More and more exoskeleton suits are cropping up all over the place these days, but the majority of them appear to be less efficient than advertised.
However, a new exoskeleton from the Harvard Biodesign Lab takes a unique approach in the form of robotic ankles.
That’s right, instead of worrying about the logistics of the entire body, this exoskeleton handles all the mechanical force directly at the ankle joints.
Instead of having to utilize copious amounts of heavy batteries and motors like previous suits, which also happen to be clunky and uncomfortable, the Harvard researchers discovered robotic ankles could handle max assistance.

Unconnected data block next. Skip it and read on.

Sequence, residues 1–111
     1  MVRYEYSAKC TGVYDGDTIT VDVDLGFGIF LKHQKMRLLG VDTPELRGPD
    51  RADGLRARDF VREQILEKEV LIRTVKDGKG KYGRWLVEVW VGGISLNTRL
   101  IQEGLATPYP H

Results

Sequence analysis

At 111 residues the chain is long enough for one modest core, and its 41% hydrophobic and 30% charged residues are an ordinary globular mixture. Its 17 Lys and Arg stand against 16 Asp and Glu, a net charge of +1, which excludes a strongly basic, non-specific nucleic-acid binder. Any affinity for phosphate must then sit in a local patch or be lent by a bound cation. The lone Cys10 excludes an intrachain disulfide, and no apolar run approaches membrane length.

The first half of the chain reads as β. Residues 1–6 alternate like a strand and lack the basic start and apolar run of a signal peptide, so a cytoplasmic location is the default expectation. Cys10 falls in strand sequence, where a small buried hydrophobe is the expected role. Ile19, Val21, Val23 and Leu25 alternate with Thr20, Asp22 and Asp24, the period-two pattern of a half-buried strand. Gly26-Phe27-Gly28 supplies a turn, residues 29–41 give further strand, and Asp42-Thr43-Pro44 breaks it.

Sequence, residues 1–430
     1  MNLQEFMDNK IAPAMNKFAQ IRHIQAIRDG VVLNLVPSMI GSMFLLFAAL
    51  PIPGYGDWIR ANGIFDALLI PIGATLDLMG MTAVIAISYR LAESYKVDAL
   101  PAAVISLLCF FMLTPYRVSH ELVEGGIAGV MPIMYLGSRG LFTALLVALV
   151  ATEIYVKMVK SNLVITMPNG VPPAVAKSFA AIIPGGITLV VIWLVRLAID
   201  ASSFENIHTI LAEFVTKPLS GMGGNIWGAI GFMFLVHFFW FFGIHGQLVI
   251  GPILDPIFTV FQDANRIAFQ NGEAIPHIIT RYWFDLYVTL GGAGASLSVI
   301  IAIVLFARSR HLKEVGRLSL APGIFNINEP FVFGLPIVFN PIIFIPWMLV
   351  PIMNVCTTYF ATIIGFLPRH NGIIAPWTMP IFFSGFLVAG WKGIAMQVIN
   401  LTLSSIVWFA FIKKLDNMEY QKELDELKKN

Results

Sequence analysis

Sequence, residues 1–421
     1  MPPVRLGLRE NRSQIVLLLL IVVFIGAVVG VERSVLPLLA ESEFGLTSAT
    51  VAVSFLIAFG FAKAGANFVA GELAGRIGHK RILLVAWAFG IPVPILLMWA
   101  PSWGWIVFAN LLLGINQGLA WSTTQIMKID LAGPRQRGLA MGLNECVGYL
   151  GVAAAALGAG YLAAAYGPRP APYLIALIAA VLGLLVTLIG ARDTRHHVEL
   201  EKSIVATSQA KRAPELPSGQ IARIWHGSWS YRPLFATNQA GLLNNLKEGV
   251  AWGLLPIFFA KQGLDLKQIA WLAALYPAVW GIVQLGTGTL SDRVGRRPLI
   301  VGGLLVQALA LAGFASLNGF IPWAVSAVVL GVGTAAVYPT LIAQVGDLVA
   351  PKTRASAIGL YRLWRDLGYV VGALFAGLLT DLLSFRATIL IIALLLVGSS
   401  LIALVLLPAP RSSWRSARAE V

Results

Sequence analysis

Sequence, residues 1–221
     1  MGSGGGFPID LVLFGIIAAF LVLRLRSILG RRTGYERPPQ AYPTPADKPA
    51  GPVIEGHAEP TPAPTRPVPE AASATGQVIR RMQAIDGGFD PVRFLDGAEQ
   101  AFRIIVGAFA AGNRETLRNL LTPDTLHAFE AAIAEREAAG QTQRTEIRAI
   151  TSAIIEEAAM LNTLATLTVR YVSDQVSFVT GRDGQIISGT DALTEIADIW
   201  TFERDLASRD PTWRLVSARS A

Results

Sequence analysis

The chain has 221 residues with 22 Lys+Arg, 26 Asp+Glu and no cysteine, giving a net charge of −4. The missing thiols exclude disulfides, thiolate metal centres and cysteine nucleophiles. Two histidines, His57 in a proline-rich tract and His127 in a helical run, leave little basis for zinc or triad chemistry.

How did they figure this out you ask?
Simple. They tested seven men wearing an exosuit on a treadmill and determined the robotic ankles not only helped move the user forward in a natural stride but also assisted with proper hip movement.
In fact, the researchers wrote in a paper published in Science Robotics that the robotic ankles helped wearers reduce their metabolic energy consumption by 23 percent.
For what it’s worth, that’s a record rate folks.